The New Year is almost here, and, with it, many people experience a new and sometimes strange sense of anxiety that stems from one source: The need to create New Year’s resolutions. In the days following New Year’s, it will seem like every social media post is about resolutions. Some about setting them, others about breaking them. The fact is that fewer than 10% of people who make them keep them. I don’t think you should ever set them again. Here’s a handful of reasons why:
1. Resolutions Can Make It Harder to Change
Believe it or not, resolutions can become so high-pressure that they can actually cause us to fail at ever instating the change we hoped to integrate into our lives. Sometimes, even if we succeed at keeping our resolution, the effort involved made us so miserable that we no longer gain any benefit from the resolution anyway. What’s better than a resolution is a commitment to one or multiple intentions, and a reasonable pathway to the integration of the new behavior. Intentions are so much more powerful than resolutions. Intentions are not only at the root of every action we take, but they are also so much easier to get back to, should we stray away from them temporarily.
2. Quality Can Outperform Quantity
New Year’s resolutions can often seem to be all about numbers. You make them at the end of a calendar year, and they’re devoted to that year mentally. In truth, our minds don’t measure life in calendar years. New Year’s resolutions can get hung up on timing and less about the overall, big-picture, long-term benefit of our well-being. Focusing on goals that are qualitative and take your personal life into consideration are more likely to contribute to success. After all, if our minds don’t follow calendars perfectly, why should the big goals in our life?
3. Lists Are Great for Learning but Bad for Motivation
While making a list of ideas or concepts is a great way to summarize information, lists can actually be incredibly de-motivating. With a list of difficult tasks or resolutions to undertake, we’re constantly reminded of our failures instead of our successes. With the human mind being so sensitive to negatives, this means that lists like this tend to make us feel negatively and focus on failure, how many tasks are left, or how people will perceive our list instead of the progress we’ve made.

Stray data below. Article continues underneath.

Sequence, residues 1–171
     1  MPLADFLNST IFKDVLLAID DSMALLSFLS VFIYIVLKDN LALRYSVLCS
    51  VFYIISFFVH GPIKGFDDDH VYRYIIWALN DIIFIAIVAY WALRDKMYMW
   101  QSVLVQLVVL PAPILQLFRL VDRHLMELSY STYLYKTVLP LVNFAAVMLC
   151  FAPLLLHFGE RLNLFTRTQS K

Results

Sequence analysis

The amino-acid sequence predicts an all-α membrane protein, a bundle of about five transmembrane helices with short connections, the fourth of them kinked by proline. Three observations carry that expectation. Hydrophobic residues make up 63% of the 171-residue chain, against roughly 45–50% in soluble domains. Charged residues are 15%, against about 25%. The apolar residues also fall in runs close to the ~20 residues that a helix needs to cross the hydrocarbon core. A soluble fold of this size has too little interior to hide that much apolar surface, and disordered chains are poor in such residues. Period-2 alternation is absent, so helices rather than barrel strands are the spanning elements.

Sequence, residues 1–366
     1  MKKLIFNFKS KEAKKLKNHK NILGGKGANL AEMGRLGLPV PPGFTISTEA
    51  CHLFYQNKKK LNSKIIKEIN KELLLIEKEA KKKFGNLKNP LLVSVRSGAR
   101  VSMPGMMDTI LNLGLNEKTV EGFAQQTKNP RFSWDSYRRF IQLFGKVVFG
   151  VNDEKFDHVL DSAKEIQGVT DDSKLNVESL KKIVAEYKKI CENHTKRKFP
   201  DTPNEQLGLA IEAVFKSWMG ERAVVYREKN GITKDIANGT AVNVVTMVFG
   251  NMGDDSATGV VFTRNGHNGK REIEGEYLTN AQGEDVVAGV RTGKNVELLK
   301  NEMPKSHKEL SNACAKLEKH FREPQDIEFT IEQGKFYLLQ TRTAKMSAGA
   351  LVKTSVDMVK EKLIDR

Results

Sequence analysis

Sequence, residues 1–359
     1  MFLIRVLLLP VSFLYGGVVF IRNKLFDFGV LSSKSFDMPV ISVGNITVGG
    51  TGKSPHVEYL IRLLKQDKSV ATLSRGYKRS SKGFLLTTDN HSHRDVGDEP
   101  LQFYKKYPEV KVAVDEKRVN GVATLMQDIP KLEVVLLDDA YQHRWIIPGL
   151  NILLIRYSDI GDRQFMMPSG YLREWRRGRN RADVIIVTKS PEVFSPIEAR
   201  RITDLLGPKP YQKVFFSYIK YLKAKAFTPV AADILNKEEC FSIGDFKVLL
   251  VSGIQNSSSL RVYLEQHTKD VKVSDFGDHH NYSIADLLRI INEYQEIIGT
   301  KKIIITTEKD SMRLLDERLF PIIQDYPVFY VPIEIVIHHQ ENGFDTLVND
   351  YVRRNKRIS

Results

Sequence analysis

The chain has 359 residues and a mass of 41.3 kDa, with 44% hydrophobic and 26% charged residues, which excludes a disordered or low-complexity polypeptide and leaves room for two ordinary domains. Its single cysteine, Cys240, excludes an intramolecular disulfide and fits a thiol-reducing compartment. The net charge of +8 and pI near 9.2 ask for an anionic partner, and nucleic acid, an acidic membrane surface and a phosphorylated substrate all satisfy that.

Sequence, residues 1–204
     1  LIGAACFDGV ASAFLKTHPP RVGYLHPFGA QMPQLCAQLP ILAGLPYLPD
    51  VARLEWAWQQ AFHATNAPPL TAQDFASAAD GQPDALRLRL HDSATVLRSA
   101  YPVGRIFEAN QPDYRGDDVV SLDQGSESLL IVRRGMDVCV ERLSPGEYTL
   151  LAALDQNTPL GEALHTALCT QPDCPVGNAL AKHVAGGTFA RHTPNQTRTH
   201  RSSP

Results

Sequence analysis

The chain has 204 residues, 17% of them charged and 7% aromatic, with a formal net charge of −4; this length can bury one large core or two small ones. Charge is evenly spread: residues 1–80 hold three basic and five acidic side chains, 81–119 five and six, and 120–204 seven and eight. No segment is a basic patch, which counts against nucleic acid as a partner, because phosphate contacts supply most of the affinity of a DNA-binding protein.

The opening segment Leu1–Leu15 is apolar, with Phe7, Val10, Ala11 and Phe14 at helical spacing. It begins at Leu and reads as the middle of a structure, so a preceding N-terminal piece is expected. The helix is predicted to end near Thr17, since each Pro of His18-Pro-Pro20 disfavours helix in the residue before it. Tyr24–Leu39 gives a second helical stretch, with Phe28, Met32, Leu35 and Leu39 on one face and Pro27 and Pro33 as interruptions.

Instead, I urge you to focus on progress. If you’re going to make a list, make it out of your successes. Keeping track of your progress, even with simple things like a gift to yourself or extra relaxation time, is so much more motivating!
4. Resolutions Aren’t Kind
Resolutions are built under the idea that we can pressure ourselves into doing things we don’t want to do, either socially, mentally, or emotionally. We reinforce the notion that the harder we are on ourselves, the happier we will become. The reality is that pressure rarely works in making us more happy, or even in achieving our goals. In fact, putting increased pressure on ourselves can often result in anger towards ourselves, which is the opposite of progress towards our goals. Kindness towards the self is much more likely to result in lasting personal change, and it feels better, too! Think about it like this: Would you like being friends with someone who was always beating you up? No way! Instead, be kind to yourself. Rather than beating yourself up, encourage yourself.
5. Nuance Is Key
Resolutions oversimplify our goals into quick, easy-to-jot-down bullet points. While there is a use for organizing our thoughts simply, major life change needs to be nuanced! A resolution makes large tasks seem deceptively small, leading us to feel disappointment towards ourselves when the task turns out to be too difficult. Disappointment is a surefire way to make us more likely to give up. Instead, take in the details and the realistic challenges of life and don’t shout at yourself if some challenges arise. Roll with them and reconnect to your intention.
Water the flowers you want to grow
Give your mind the space it needs to make the changes you so desire by welcoming the qualities of life you'd would like to cultivate in your life, rather than make an endless list of goals, that may or may not become reality - qualities you already possess but may have forgotten, like kindness, connecting authentically with others, being more patient or generous, or simply being more present and appreciative of life, no matter what it throws at you.
This year, instead of making resolutions, commit to a long-term path of intentions that focus on HOW you want to live your life, rather than WHAT you to achieve. Be kind to yourself, sit, meditate, connect to your intention and begin again at any moment. Happy 2019! #createspacewithin